The Nexus of Pop-Culture Fandom

Dare to Hope: The Success of Slipknot’s Latest

Written by: Goran Child, Special to CC2K

Image A scurry through online reviews – positive and negative – of this CD linked to by Wikipedia confirms what is still the lynchpin of much Slipknot criticism: ‘Is it possible to dress up like a Hallowe’en creep and still rail against social injustice?’ (Entertainment Weekly); ‘After myriad troubles, the masked mutant clowns regrouped in Iowa’ (The Guardian); ‘John Doran slowly peels back the masks of so-called extreme metal behemoths Slipknot and looks at the jaundiced and withered flesh underneath’ (The Quietus); ‘Working with Dave Fortman, Bozo, Hellraiser’s Stunt Double, phallic-face and company retreated to Iowa to work on album four’ (Tunelab Music).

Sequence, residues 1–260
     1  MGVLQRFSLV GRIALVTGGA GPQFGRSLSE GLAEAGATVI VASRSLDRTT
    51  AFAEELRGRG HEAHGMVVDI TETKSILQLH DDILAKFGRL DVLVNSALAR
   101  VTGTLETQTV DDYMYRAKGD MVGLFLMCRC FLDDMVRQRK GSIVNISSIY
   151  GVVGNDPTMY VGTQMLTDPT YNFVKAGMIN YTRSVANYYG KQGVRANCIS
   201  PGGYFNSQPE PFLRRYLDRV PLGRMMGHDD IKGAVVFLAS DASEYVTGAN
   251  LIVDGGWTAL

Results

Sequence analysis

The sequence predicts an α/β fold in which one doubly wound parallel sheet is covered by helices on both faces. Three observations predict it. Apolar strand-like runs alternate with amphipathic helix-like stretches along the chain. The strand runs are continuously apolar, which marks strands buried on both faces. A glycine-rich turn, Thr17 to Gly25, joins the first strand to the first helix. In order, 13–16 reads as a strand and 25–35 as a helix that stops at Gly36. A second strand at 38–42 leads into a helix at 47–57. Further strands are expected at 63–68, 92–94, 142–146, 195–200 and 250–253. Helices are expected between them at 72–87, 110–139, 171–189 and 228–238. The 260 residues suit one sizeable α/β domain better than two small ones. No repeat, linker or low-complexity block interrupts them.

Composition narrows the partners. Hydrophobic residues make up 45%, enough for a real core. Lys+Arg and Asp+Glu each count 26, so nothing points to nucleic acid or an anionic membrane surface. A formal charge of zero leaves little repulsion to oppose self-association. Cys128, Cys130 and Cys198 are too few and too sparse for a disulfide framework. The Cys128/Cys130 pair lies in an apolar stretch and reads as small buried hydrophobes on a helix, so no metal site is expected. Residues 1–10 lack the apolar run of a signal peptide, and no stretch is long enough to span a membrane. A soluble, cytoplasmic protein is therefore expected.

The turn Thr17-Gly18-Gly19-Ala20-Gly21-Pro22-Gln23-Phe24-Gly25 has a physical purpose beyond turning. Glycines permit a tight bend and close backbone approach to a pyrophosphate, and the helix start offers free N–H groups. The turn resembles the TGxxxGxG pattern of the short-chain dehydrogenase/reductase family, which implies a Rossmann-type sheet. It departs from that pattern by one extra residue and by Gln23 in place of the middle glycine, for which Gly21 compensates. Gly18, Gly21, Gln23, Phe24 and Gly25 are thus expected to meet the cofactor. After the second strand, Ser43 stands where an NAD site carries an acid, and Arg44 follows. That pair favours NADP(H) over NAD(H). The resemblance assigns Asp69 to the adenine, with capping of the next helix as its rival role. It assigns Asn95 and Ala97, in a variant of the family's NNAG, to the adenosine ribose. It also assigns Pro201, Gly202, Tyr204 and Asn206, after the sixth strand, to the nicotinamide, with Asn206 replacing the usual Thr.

Slipknot’s decade-old decision to make a bit of a sartorial effort when playing gigs still precedes any evaluation of their musical output. Semi-literate metalheads writing blogs still describe the masks using adjectives ambivalent to all but their pimply ilk (‘sick’, ‘ill’, ‘insane’…), whilst established critics still raise a knowing eyebrow, often cynically intimating that the reason the band’s distinctive get-up precedes musical discussion is that there isn’t really all that much music to discuss (and frankly, if 2004’s stupendous ‘Vol. 3: The Subliminal Verses’ didn’t persuade those scribes that Slipknot were worth listening to, it’s unlikely that anything will). However, what these camps have in common is that, based on oft-scant knowledge of the nonet’s former shock-tactics onstage and in interviews, they assume that Slipknot still naively insist that the masks are integral to their ontology. This conception went out of the window with the official publicly-purchasable ‘maggot’ mask which accompanied the release of Volume 3 – final proof that Slipknot had decided to embrace the commercial and capitalist potential of their distinctive image and the attention devoted to it by the music press. And why not? The masks had proved integral to their successful attempt to synthesize ‘extreme metal’ (to borrow a usefully-ignorant phrase from one of the reviews cited above) and popular recognition: the final, perhaps slightly ironic, stage in the plan was surely to acknowledge their potential as fashion statement. This of course came at a point in the band’s career when almost all of the members had ‘unmasked’ in public (only the sampler Craig Jones still resolutely attempts to keep his identity secret, to the degree that recently he has solemnly adopted the pseudonym ‘133’), with various side-projects – Stone Sour, Murderdolls, To My Surprise and several others – throwing into relief Slipknot’s burgeoning status as a brand, a collective alter ego, a mask itself. Slipknot, always a metal band, became a meta-band.